Coincidence has brought two bills to the Indiana State Senate that implicate the topic we will discuss—THE TENTH AMENDMENT—this Saturday, January 12, at 11 a.m. at Big Hat Books, 6510 Cornell Avenue, in Broad Ripple. "Civil Discourse Now" is part of the "Indiana Talks" internet network. If you cannot attend, you can Tweet in questions. I will post "how" on that later today.
Senator Phil Boots, a Republican from Crawfordsville, is sponsor of Senate Bill 230 that (1) authorizes the Indiana General Assembly to declare Federal laws unconstitutional and (2) creates a Class-D felony for anyone caught in the act of enforcement or implementation of a Federal law.
Senator Dennis Kruse, a Republican from Auburn, has proposed legislation with similar implications for the Tenth Amendment. SB-127 would limit the power of Federal officials to make arrests in Indiana. Sen. Kruse also has proposed legislation that would require children in public schools to recite the Lord’s Prayer at the beginning of each school day and to teach creationism as science.
I called both Senator Boots and Senator Kruse yesterday to invite them to be guests on The Show. Senator Boots has a schedule conflict on Saturday. I have not heard back from Senator Kruse.
Our confirmed guests for Saturday will be:
Mike Maharrey of the Tenth Amendment Center. Their website (tenthamendmentcenter dot com) is well-constructed and informative about the organization. He is the organization’s communications director. He is a native of the Commonwealth of Kentucky and won two Kentucky Press Association Awards as a sports writer. NOTE: He is not a UK fan.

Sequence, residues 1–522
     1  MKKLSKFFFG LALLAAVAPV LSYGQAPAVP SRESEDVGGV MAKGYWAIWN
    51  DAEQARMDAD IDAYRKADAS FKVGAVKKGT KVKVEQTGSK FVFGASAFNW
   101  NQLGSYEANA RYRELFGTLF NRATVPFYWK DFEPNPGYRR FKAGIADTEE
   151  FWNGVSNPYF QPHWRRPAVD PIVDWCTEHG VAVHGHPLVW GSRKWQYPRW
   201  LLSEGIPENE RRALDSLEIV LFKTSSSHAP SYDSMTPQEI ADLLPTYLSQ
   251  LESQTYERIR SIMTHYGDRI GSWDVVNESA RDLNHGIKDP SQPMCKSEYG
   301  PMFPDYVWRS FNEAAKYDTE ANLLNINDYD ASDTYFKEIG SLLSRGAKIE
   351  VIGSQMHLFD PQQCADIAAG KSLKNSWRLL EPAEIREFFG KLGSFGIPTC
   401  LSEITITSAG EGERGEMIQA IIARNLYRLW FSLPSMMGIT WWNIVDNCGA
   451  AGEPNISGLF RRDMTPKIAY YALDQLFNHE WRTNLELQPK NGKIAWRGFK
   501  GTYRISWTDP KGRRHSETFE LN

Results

Karen Celestino-Horseman is a former Democratic Party member of the Indianapolis City-County Council and practices law in Indianapolis.
The Tenth Amendment provides:
"The powers not delegated to the United States by the Constitution, nor prohibited by it to the States, are reserved to the States respectively, or to the people."
As I wrote yesterday, the Tenth Amendment was considered by James Madison to be redundant and not necessary. Whatever one might believe about the substance of Senator Boots’s bill, I would argue it is redundant. That a State declares it has the power to nullify Federal legislation does not put the issue "in play." The enactment of legislation that nullifies a Federal statute would do that. Otherwise, if one wishes to make an argument for nullification, the Tenth Amendment exists. One can advance an argument based on that Amendment. State legislation that declares such a power would not invoke the power for a case in controversy.
I had hoped that either Senator Boots or Senator Kruse could have been on The Show to discuss the history of the Tenth Amendment, and its implications for their proposed legislation.